County vows new policy combatting anti-Asian racism

Local

SAN DIEGO (CNS) – San Diego County supervisors joined with local Asian American and Pacific Islander leaders Wednesday to denounce hate and announce plans to address the issue early next month.

Supervisors Nathan Fletcher and Nora Vargas will create the policy to be brought for a vote before the board at its meeting on April 6.

“The senseless attacks and hate crimes against the Asian American Pacific Islanders are unconscionable and must be stopped,” Fletcher said. “At the county we are being very intentional about tackling systemic racism with policy that affects change, and at our next Board of Supervisors meeting we will take action to support the AAPI community.”

The details of the policy are unclear at this time.

“While San Diego County is diverse and many of us embrace this diversity, this moment calls for more than thoughts and prayers, we need solidarity and action,” Vargas said. “Today as allies, we denounce hate and renew our commitment to stand up against all forms of racism.”

The API community has been the targets of increased hate crimes and attacks in San Diego County and across the nation since the outbreak of the coronavirus pandemic, which began in China. The recent murders of eight people in Georgia — six of whom were Asian-American women — have galvanized the community to take more action.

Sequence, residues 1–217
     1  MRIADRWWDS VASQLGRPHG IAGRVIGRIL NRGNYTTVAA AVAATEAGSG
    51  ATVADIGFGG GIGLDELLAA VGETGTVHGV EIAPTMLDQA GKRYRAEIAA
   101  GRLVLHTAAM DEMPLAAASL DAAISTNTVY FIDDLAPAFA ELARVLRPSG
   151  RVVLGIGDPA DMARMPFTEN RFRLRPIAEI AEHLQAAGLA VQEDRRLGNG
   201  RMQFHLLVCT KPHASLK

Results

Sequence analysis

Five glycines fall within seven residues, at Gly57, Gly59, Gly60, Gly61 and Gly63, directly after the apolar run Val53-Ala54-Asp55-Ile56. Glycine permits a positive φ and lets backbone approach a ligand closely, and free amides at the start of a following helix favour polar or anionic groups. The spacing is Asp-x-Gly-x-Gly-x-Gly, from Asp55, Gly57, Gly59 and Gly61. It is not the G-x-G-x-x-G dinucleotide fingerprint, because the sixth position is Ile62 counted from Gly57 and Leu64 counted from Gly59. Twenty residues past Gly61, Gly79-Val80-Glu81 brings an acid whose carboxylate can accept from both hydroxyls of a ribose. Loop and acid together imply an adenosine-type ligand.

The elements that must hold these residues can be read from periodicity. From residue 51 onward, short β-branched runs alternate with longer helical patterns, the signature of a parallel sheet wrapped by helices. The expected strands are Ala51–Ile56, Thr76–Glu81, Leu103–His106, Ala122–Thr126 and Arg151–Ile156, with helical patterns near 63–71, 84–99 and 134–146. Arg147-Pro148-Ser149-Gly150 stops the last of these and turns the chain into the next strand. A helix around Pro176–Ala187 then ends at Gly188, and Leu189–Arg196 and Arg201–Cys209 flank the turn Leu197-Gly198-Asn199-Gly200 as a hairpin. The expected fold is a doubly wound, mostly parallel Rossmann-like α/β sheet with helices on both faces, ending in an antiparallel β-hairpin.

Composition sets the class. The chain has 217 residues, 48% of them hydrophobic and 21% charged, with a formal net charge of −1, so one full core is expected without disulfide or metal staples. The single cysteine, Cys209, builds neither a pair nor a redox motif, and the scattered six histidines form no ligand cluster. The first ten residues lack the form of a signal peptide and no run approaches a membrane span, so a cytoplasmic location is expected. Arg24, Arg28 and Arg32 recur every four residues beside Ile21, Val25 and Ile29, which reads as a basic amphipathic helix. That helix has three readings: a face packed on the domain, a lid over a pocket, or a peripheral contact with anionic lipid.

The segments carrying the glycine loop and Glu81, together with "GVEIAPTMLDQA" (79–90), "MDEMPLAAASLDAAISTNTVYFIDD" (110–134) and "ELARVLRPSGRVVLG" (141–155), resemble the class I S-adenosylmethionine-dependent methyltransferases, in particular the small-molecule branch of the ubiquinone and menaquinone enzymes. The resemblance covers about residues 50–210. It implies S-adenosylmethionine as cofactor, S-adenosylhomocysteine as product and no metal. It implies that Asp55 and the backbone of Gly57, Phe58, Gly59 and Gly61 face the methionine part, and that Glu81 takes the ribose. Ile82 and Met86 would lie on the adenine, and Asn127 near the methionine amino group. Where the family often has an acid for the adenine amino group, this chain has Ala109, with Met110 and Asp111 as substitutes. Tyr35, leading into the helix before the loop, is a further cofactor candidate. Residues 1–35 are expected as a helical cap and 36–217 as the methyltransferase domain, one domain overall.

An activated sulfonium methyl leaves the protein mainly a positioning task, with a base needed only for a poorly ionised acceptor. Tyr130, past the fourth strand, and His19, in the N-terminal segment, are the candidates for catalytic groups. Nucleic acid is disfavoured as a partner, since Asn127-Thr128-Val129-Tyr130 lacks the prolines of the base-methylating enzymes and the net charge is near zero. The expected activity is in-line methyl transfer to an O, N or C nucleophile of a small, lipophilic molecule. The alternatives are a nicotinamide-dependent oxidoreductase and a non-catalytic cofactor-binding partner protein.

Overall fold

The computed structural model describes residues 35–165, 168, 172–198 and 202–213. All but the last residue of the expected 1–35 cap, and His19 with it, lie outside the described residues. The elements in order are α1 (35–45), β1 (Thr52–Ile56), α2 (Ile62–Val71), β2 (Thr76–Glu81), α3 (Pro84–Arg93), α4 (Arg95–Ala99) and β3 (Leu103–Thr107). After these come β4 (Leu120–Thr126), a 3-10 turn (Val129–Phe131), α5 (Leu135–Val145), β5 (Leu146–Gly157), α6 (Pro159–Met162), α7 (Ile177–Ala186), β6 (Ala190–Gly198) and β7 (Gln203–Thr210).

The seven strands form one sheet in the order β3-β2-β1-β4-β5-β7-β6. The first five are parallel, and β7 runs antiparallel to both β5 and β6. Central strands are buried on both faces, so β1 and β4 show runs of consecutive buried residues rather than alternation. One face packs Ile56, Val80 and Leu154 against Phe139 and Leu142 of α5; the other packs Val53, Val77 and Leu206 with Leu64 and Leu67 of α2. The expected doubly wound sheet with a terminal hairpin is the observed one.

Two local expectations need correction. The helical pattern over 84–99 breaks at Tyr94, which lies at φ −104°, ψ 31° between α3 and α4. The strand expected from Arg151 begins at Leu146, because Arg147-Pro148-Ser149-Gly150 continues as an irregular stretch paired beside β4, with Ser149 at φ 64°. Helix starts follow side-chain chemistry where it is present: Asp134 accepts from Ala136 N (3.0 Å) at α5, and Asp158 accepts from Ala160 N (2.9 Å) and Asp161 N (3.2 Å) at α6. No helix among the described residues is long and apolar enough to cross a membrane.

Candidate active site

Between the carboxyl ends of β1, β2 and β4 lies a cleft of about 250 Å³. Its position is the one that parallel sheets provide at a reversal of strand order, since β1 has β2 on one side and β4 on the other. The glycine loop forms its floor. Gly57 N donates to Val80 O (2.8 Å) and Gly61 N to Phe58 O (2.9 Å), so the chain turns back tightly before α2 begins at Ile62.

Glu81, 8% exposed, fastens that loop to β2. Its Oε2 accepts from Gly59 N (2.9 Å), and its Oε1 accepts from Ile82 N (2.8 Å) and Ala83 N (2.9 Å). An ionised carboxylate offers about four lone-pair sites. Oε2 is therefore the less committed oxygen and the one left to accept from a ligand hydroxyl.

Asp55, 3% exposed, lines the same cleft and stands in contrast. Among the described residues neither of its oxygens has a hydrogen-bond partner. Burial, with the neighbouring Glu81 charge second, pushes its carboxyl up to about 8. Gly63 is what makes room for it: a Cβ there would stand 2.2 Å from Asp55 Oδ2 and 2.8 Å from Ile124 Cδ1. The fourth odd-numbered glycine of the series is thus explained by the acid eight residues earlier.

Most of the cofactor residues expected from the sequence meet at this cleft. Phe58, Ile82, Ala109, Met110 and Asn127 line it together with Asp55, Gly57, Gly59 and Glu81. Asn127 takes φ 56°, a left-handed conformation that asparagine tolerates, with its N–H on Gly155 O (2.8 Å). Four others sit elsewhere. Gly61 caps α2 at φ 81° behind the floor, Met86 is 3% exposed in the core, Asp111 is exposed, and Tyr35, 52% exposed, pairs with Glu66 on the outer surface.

According to the San Diego API Coalition, between March 19 and Dec. 31, 2020, there were 42 reports of discrimination against the API community. More than half were verbal and nearly 10% were physical assaults.

“We all share a responsibility in combating hate — not simply during the pandemic and not only on behalf of API communities,” said Kent Lee, co- chair of the coalition and executive director of the Pacific Arts Movement. “Only together can we build a stronger, more compassionate, and more inclusive county of San Diego.”

The San Diego API Coalition’s mission is to “facilitate conversation with API communities and advocates for representation of voices by amplifying and cultivating leadership, acting as a hub for API organizations to collaborate and building a more inclusive and equitable San Diego.”

Kirin Macapugay, membership coordinator for the coalition, said the “recent rise in hate against API communities, most recently the tragic deaths of several Asian women in their place of business, is part of a centuries long history of systemic racism faced by our and many other communities. Working to recognize and dismantle all forms of discrimination and oppression is key, and we appreciate the steps our leaders are willing to take with us.”

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